The Bus Éireann strike entered its 20th day on Wednesday this week without any sign of conclusion.
Talks resumed in the Labour Court yesterday morning (Wednesday ) in an attempt to find a resolution to the strike, which has disabled the country’s transport network for the last three weeks.
On Tuesday of this week and after 16 days of intensive negotiations at the Workplace Relations Commission, talks broke down without agreement.
While progress was made and agreement was reached to eliminate many work practice inefficiencies, an offer made by the company that would help to deliver financial viability was rejected by the trade unions representing the driver grade.
The unions referred a number of issues to the Labour Court and Bus Éireann agreed to attend.
Speaking early this week, Fianna Fáil Spokesperson on Transport, Robert Troy, said the decision to refer the dispute to the Labour Court is a sensible one.
“The industrial action has been ongoing for nearly three weeks and some 100,000 people right across the country have been left without a transport service,” he said.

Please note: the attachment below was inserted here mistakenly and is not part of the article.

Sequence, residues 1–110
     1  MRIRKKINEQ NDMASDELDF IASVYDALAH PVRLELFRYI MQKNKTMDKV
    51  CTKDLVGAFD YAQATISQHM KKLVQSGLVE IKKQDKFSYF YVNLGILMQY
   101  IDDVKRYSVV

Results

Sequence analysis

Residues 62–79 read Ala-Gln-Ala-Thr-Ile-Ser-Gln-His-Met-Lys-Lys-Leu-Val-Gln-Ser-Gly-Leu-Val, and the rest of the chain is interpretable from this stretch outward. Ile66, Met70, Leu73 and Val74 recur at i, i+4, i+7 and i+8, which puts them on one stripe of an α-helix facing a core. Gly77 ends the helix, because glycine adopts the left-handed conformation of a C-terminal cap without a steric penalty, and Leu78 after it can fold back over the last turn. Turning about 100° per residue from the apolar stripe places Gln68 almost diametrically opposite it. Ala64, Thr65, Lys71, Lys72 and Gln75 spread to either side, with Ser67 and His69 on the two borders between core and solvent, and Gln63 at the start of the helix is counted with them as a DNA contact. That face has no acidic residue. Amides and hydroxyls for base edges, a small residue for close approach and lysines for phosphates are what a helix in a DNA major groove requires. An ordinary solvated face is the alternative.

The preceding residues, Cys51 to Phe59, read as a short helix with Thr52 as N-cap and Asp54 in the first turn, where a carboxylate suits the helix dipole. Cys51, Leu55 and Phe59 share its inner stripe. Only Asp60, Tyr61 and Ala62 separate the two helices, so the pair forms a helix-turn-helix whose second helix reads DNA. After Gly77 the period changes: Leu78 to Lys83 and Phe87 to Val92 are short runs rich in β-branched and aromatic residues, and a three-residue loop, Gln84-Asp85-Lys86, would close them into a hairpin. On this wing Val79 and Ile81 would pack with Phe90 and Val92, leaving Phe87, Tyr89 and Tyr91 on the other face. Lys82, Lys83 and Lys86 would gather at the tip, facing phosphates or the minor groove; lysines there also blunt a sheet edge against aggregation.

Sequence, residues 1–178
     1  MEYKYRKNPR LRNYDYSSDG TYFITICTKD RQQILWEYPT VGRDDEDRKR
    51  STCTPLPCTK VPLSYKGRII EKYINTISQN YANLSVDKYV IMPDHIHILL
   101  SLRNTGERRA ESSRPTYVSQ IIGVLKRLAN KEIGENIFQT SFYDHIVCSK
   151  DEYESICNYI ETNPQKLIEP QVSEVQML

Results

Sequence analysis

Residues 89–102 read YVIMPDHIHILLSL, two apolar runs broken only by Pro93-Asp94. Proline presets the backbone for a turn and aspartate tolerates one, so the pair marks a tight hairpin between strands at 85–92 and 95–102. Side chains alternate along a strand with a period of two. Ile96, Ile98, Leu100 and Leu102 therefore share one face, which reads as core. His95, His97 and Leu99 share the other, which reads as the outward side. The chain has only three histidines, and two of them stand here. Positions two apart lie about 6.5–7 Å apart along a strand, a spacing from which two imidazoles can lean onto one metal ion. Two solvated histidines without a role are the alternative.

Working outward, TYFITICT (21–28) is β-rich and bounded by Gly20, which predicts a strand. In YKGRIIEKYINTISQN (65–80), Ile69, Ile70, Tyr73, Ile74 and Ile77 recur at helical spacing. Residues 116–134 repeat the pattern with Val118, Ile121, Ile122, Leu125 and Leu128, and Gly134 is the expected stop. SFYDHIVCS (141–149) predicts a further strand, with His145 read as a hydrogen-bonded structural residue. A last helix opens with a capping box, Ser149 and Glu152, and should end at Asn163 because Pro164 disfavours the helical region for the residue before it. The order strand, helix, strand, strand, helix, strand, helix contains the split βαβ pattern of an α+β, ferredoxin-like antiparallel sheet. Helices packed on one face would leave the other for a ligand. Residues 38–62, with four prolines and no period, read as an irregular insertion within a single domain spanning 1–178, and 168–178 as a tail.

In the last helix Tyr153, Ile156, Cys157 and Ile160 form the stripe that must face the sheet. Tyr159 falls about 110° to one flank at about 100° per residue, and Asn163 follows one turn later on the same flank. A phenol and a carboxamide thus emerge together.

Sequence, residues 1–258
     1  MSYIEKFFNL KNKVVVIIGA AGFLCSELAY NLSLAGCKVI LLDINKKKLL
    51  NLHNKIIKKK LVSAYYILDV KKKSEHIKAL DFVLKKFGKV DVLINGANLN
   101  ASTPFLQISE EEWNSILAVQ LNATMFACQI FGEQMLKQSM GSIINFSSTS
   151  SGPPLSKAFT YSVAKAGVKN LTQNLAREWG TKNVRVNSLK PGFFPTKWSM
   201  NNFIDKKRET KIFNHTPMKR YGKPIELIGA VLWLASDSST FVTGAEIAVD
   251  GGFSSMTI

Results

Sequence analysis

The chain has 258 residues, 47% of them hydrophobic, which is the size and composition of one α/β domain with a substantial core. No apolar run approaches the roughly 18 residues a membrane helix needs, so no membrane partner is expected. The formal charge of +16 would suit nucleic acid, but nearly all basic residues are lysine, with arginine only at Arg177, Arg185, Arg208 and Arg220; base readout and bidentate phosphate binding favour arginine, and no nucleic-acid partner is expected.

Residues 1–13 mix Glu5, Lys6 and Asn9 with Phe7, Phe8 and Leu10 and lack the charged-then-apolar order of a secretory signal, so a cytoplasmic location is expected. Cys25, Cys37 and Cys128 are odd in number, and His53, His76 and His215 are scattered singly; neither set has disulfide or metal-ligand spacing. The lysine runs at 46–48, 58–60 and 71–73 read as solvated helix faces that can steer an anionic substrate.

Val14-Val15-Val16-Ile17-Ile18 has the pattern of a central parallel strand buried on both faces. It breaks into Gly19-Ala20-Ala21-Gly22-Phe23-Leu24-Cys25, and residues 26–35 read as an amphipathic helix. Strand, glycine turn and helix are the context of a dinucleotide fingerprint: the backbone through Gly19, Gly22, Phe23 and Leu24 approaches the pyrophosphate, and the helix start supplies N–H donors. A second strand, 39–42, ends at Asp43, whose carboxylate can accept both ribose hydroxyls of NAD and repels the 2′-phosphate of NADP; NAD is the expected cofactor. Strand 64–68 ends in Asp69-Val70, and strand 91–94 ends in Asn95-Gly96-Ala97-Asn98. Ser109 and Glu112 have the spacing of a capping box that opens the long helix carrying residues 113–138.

“The decision to refer the dispute to an early hearing of the Labour Court is a sensible one given the enormity of the situation. There is a real prospect that Bus Éireann may be forced to enter into administration in the coming days should the dispute remain unresolved. This would be a disaster for passengers, workers and Bus Éireann as a company.
“There is an onus on both unions and management to proactively engage with the Labour Court and give firm commitments that they will accept its final ruling.”
Deputy Troy was again critical of Transport Minister Shane Ross’s hands-off approach to the issue.
“Minister Ross continues to refuse to convene parallel talks between all stakeholders at Bus Éireann with the aim of overcoming the deep structural problems facing the company,” he said. “It’s a sad state of affairs when the Minister for Transport has no thoughts or potential solutions to help overcome the most destructive transport strike to hit the country in decades.”